The lengths a mother will go through to provide for her child is the main premise of this moving short novel. Everything Nasula does revolves around her daughter - even her name, Nasula, means "Mother of Sula", and the reader does not discover her given name until the final pages of the book. Sula, the daughter, is the "Cowrie of Hope", hope for a way out of poverty in the Zambia of the '90s, where droughts and politics have made it difficult to eke a living in the countryside. The bag of beans Nasula is looking to sell is "the hope for the hope". If Nasula can sell the beans, she will be able to fund her daughter's continued education - consequences for Sula and alternative future pathways without an education are hinted at not so subtly, both in the city and in the village. Although the mother's own future is uncertain if she sells her beans, rather than eating them, she does not hesitate. But can she navigate Lusaka's market and its people to bring the desired outcome?
Sinyangwe takes on a female perspective in his second novel - a widow, shunned by her husband's family, sole provider for her daughter, who has to overcome incredible odds to enable her daughter to access education. Nasula is shown as a strong and resourceful woman, her many tears shed are never for herself, they are tears of desperation and helplessness. First forced to overcome her pride when she sets off to ask her husband's family for help, then setting off to sell what was meant to be her own food source, the story is in turns heart-wrenching and uplifting, when Nasula meets kind souls along her journey.
The book is quite short (150 pages), but the journey it describes is a long one - emotional, powerful, and well worth reading.
Sabine: Patchwork, by Ellen Banda-Aaku
Toby enjoyed his book by Ellen Banda-Aaku so much that we looked out additional books by her. "Patchwork" won the Penguin Prize for African Writing and was short-listed for the 2012 Commonwealth Book prize. The book follows "Pumpkin", a Zambian girl, first as a 9-year-old girl, then as a grown woman. Daughter of a mistress of a well-to-do man, Pumpkin is used to "Tata" arriving and leaving intermittently. When her mother's problems with alcohol become too obvious to conceal, Tata takes his daughter away, to live on his farm with his wife and their sons. "Mama T" is as cold as Tata is warm and generous, and Pumpkin struggles to find a way to fit in, especially as she realises that her mother was not Tata's first mistress, and won't be his last.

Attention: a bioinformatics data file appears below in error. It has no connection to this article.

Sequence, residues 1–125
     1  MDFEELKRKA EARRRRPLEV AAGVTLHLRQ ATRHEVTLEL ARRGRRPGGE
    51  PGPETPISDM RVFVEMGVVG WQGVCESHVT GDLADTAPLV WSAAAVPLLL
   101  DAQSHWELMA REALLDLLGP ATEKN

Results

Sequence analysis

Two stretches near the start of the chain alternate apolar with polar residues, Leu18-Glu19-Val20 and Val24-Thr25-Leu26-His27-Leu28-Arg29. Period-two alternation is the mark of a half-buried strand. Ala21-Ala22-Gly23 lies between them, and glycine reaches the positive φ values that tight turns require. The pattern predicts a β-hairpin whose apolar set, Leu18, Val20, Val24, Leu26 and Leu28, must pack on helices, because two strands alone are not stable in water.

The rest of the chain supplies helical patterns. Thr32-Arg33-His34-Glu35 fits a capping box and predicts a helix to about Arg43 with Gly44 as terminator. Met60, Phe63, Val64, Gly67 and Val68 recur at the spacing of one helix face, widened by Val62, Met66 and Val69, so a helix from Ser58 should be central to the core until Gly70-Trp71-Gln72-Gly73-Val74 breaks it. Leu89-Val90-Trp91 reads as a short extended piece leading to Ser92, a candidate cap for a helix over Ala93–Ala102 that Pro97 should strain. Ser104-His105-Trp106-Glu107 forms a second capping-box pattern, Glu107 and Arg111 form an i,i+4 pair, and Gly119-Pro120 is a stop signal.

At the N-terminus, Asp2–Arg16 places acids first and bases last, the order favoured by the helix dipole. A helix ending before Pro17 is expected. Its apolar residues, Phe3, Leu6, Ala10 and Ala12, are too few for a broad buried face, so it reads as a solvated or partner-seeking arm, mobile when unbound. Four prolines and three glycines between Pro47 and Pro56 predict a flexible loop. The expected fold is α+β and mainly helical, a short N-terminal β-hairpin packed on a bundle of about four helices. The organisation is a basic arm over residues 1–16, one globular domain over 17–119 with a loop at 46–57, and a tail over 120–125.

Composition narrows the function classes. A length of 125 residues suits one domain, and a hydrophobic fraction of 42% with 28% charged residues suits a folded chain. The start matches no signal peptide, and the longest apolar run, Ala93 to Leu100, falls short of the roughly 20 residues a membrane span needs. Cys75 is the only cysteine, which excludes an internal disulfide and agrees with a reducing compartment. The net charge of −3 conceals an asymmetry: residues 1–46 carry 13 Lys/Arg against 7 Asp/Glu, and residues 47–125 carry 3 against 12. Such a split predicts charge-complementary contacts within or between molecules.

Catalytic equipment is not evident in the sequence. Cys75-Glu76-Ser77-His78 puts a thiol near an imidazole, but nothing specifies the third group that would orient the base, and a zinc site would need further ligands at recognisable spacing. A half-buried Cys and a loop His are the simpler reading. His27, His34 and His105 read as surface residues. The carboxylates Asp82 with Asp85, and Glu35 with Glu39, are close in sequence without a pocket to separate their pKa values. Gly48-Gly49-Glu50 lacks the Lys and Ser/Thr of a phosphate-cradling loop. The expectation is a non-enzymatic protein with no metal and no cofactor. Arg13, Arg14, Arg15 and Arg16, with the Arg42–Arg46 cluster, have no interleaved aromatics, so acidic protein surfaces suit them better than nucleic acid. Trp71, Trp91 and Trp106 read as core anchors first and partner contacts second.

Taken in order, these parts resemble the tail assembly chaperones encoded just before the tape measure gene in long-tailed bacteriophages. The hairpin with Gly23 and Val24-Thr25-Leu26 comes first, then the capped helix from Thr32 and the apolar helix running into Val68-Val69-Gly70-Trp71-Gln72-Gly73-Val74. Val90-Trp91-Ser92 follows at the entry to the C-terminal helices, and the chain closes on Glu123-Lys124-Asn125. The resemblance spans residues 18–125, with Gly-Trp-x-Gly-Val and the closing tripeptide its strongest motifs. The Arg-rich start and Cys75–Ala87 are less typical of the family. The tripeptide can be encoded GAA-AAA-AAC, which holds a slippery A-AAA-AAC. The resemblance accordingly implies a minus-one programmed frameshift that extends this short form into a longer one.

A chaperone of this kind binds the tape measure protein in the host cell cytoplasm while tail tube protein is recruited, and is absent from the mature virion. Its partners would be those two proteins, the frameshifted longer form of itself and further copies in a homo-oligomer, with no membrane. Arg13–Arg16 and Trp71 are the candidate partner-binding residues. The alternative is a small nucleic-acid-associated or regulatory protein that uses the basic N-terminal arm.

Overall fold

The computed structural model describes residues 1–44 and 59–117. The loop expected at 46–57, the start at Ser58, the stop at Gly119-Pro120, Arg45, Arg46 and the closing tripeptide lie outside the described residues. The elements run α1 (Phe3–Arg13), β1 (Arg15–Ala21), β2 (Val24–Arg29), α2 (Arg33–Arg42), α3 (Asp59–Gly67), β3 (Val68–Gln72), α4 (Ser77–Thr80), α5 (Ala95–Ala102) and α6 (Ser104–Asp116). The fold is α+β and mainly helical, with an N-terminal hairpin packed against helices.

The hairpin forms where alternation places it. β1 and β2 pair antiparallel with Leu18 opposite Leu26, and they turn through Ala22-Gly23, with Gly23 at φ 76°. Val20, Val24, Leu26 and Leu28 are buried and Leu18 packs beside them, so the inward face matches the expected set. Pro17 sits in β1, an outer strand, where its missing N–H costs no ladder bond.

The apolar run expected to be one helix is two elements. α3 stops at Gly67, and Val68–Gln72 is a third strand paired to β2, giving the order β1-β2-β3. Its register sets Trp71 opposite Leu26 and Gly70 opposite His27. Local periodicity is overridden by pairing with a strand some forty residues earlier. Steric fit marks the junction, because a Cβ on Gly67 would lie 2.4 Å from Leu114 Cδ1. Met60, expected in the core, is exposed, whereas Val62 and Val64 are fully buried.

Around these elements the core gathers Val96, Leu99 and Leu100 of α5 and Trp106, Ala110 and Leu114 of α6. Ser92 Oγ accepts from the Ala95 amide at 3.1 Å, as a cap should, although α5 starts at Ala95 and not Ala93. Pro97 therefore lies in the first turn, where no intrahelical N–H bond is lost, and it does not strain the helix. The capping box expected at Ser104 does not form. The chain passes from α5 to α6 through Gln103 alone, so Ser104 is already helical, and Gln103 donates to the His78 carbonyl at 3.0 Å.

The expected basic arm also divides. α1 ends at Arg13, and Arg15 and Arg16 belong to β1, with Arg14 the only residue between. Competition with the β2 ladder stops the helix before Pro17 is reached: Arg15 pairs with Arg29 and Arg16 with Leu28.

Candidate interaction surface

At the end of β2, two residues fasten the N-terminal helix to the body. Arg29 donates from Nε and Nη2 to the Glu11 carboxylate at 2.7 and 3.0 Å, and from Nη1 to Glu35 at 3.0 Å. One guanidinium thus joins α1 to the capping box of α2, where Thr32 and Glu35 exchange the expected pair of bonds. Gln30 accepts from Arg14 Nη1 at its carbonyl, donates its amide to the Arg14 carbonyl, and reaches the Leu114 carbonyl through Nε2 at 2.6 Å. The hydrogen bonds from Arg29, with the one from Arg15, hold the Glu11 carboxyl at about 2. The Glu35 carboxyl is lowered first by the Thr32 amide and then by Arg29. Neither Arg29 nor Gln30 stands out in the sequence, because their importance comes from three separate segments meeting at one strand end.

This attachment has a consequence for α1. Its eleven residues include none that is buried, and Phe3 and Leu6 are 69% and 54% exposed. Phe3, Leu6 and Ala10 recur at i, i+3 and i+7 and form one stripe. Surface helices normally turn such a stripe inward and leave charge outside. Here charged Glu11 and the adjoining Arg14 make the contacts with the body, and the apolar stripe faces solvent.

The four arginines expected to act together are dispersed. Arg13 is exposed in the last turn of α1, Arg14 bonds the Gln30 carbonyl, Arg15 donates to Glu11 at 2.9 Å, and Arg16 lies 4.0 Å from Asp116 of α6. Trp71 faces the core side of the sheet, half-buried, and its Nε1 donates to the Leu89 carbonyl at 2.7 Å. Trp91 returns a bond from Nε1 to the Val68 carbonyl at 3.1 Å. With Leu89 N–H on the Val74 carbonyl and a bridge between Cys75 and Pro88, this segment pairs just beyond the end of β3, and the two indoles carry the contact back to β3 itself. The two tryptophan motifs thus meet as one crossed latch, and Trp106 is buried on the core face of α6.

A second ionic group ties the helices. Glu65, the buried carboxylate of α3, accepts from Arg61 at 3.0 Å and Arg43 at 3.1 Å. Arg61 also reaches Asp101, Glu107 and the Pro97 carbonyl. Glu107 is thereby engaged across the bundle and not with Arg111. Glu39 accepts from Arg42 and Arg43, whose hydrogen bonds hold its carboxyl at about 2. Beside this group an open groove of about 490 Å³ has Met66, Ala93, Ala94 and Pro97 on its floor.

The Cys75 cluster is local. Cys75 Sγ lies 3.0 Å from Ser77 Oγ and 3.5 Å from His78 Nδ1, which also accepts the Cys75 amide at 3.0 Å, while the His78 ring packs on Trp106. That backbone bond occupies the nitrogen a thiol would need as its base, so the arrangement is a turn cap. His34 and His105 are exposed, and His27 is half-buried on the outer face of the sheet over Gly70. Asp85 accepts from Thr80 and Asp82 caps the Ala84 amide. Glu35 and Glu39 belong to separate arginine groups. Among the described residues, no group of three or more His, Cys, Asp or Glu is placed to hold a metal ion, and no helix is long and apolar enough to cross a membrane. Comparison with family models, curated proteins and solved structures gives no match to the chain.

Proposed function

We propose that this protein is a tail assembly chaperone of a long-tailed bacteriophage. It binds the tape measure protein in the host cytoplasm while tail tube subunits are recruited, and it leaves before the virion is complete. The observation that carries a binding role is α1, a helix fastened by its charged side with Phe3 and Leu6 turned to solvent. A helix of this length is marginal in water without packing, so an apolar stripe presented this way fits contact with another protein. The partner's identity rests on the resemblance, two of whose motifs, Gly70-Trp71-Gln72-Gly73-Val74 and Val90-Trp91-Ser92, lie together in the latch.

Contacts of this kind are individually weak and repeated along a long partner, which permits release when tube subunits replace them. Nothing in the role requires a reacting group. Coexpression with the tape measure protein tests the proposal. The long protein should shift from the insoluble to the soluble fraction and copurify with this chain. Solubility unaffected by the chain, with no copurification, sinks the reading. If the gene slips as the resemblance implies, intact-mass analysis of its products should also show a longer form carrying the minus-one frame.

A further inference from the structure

This book took several unexpected turns - Pumpkin herself is not your typical blameless, hard-done-by heroine, she lies and steals, then feels sorry, but unable to help herself. Her small acts of rebellion are ways to fell some sense of power in a world where everything is decided by grown-ups around her. At some point, Pumpkin remarks that, on television, grown-ups apologise to children. "I have never had an adult apologise to me", she muses. Pumpkin has a temper, and she doesn't lose it as an adult. She struggles to trust the people around her, including her husband in the second part of the book. Her flaws make her much more real, caught in a world between customary beliefs, religion, and science, drawn out in stark detail when her mother gets sick.
The "Patchwork" in the title refers to lies people tell, and hurt they cause each other - even if you mend the hurt, a scar remains, and the more often you cause pain, the harder it is to mend, until your life resembles a patchwork of hurt and apologies. I am very glad I found the author through Toby's book, and will be reading more of her work.
This is the first of our joint posts, based on Toby's new challenge, to read a book from or about every country in the world. This time, he has not just picked the challenge himself, but also challenged me (Sabine/Mum) to do the same with grown-up books. We are not the first to read our way around the world, and we won't be the last. Just like with his letter-writing project, Toby came up with the rules:
"I want to read lots of books, and they should either be from an author from that country, or set in that country, or they can be non-fiction books, too. It's okay to read a book by an author from that country, even if the book is a fantasy or made-up story, because it helps you understand what kind of stories people come up with from different countries!"